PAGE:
Stuart Quartet: The Rogues

The Stuart Quartet:

The last of the Stuart quartet—and originally titled Rogue’s Apprentice except that the publisher had launched a hugely successful “Apprentice” series and didn’t want it confused with that—this book takes place during the Highland Clearances. That was the time the Scottish lairds decided it made more monetary sense to pasture sheep on their land and so kicked off the tenant farmers (members of their own clans) by burning them out or beating them up or even murdering them. Some were moved forcibly to other parts of Scotland (the Duke of Sutherland moved thousands of people to the coast and told them that henceforth they were to be fishermen!) but most were shipped off to Canada, Australia, and America. This is a story of one boy and his family and the people of their glen who suffered the same fate.

Bob Harris and I had a rollicking time with this book which is in some ways the most romantic of the four Scottish historicals. And never did he have to say—as Scotsmen sometimes are wont to do—”Haud yer wheesht, woman!”

Accolades:

  • A Junior Library Guild book

What reviewers have said:

  • “[S]uspense mounts and the plot races along flawlessly in this excellent historical adventure.”—Booklist, starred review
  • In the late 1700s and early 1800s, many Scottish lairds discovered that they could make money by leasing their land to English sheep farmers. As a result, thousands of poor Highlanders were removed from their homes. Roddy Macallan and his family are tenant farmers, and they have always relied on their laird to be a provider and protector. Now he is dead, and the greedy and cruel new man cares little for clan traditions and his responsibility for his people. He sends his brutal factor, Willie Rood, to burn out the villagers and take their livestock. Enraged, Roddy sneaks back to the village to find the family “Blessing” that his deceased mother always told stories about. He finds it, a valuable brooch given to an ancestor by Bonnie Prince Charlie, but Willie Rood steals it for the laird. Roddy is nearly beaten to death, but is saved by the outlaw Alan Dunbar, who then trains him as his apprentice…The authors deftly weave historical facts into their action-packed adventure…thoroughly engaging. They write in Scottish dialect and syntax, which readers should get the hang of fairly quickly. The story would make a great read-aloud for anyone who would like to tackle the accent.”—School Library Journal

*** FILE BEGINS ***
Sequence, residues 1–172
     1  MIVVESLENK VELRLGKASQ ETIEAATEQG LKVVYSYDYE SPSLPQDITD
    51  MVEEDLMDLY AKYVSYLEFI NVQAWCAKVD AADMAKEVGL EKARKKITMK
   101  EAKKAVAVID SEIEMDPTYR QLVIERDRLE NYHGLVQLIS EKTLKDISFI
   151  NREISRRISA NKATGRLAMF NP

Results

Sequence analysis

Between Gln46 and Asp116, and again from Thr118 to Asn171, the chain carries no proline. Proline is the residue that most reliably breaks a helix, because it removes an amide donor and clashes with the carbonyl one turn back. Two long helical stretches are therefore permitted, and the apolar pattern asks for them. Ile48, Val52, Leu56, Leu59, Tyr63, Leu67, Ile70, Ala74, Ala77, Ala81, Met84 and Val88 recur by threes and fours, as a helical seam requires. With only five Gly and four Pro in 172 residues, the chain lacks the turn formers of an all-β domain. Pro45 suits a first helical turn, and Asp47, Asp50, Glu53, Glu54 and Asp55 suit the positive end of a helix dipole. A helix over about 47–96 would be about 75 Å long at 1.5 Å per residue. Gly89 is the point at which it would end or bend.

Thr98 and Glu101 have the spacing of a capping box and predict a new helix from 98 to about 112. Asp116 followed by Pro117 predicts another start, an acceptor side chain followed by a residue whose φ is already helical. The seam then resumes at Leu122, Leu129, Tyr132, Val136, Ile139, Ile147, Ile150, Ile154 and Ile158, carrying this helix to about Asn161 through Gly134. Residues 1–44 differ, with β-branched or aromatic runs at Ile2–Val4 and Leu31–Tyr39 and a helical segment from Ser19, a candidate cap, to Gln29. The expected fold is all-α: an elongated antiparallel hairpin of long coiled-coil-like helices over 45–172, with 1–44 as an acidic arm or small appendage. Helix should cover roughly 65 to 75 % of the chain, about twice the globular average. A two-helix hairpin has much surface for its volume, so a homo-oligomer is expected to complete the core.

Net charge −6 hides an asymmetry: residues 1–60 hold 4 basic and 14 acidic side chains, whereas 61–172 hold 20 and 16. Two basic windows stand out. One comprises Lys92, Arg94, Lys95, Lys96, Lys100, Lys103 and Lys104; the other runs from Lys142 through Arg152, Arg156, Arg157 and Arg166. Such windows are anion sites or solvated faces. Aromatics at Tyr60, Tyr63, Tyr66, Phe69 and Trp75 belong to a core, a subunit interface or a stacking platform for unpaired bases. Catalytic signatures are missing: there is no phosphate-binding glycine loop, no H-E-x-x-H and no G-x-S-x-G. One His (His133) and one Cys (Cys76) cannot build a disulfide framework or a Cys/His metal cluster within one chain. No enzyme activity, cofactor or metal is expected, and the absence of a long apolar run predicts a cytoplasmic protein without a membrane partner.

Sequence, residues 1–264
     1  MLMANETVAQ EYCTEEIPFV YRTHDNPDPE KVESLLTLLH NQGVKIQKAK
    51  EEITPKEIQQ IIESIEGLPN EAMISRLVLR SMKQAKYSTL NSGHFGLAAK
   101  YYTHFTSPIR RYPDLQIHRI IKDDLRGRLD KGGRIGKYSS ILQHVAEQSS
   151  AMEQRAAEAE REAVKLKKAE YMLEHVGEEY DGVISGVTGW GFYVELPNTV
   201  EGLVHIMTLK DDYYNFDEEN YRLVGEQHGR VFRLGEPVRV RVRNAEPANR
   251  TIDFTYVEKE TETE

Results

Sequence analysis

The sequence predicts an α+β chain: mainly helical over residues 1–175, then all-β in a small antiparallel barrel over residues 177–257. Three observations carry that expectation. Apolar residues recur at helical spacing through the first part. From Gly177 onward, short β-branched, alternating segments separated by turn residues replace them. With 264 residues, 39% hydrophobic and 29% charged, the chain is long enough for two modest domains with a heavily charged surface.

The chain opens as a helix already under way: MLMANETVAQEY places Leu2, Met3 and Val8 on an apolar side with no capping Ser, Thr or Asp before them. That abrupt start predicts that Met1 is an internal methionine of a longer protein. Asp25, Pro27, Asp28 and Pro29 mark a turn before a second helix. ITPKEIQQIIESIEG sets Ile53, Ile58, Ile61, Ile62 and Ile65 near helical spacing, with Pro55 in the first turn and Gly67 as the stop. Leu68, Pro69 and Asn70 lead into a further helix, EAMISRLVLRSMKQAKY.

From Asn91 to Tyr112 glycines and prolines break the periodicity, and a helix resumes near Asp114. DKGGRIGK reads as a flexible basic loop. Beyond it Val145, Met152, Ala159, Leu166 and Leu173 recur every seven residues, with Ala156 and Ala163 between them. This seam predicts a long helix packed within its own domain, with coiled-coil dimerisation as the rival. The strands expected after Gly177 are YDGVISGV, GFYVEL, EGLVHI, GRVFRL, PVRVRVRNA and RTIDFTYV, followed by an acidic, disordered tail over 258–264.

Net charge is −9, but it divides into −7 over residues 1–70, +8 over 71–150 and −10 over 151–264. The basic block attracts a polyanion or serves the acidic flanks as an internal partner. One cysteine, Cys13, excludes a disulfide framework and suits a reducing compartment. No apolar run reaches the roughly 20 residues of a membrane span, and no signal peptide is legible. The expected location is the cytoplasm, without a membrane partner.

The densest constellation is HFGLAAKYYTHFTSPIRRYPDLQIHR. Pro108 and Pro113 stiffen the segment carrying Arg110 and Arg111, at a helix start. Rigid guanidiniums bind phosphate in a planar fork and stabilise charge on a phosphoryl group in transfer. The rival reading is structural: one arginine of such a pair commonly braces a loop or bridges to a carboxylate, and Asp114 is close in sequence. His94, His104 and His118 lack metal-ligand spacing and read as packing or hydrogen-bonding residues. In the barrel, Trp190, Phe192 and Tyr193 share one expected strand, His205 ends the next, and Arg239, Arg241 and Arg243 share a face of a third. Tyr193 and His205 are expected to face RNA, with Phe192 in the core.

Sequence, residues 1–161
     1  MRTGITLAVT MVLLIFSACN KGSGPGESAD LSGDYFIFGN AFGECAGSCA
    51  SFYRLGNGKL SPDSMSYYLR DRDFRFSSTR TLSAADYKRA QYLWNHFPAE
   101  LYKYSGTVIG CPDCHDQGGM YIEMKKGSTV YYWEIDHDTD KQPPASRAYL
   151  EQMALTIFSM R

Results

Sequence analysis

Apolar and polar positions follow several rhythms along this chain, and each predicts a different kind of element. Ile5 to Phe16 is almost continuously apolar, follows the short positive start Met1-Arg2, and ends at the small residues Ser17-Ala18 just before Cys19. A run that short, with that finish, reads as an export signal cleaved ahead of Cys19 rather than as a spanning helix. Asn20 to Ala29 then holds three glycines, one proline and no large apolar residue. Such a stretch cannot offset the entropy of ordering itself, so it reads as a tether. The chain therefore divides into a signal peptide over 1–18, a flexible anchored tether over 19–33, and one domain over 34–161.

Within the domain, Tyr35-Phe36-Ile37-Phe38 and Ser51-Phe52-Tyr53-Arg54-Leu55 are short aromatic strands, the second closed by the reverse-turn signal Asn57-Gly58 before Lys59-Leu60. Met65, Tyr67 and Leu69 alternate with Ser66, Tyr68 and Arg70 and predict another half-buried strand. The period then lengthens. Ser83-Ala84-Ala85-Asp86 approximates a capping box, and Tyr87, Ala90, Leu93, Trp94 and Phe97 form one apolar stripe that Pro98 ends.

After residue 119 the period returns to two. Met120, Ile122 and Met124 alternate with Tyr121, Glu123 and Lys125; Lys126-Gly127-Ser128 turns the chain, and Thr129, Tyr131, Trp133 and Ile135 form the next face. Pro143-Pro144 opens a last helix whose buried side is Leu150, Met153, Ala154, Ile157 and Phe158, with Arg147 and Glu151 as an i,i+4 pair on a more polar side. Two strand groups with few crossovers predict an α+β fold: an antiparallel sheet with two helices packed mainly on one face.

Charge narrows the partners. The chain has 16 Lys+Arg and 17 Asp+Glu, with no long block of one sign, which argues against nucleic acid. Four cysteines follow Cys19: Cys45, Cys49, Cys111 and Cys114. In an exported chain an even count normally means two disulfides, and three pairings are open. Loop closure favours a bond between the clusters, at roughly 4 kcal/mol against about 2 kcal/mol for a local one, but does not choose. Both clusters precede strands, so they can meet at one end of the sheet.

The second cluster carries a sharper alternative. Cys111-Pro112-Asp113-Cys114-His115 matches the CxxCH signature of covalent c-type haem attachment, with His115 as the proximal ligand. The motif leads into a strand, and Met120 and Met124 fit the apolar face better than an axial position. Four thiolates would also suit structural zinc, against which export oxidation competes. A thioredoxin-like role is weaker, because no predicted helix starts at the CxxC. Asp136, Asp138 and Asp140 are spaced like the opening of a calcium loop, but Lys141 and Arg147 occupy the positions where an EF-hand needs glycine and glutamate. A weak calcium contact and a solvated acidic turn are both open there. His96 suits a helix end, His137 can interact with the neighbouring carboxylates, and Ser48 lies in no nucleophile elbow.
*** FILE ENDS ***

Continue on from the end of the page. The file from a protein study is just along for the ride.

• “Roddy’s first-person narrative moves along at a quick and witty pace. The exchanges between Roddy and Willie Rood, the laird’s hired thug, will have readers cheering for the young hero. The characters of Bonnie Josie and Alan Dunbar are wonderfully written and add a sense of hope to Roddy’s almost impossible quest. It is a story of honor, the willingness to believe, and personal growth. The novel is an excellent end to a top-notch series…”—VOYA
  • “[T]he authors weave strong feelings and a clear sense of setting into a story that gains momentum as it progresses and also ends happily. A good finish to the quartet, with echoes of Robert Louis Stevenson’s Kidnapped to savor.”–Kirkus
  • “This powerful and adventure filled story brings the Scottish highlands to life.”—KidsBookshelf.com
  • “A a nice piece of historical fiction that offers a peephole into an old culture and provides a glimpse at the brighter side of immigration in the earlier days of America, when people still believed the streets were paved with gold. Certain parts of the book could be used as jumping off points for research projects or history lessons. Others could provide a context for discussions about morals, politics, or economy. A more in-depth lesson could be structured around the culture of working-class Scots, their traditions, their beliefs, and family dynamics.”—Children’s Literature

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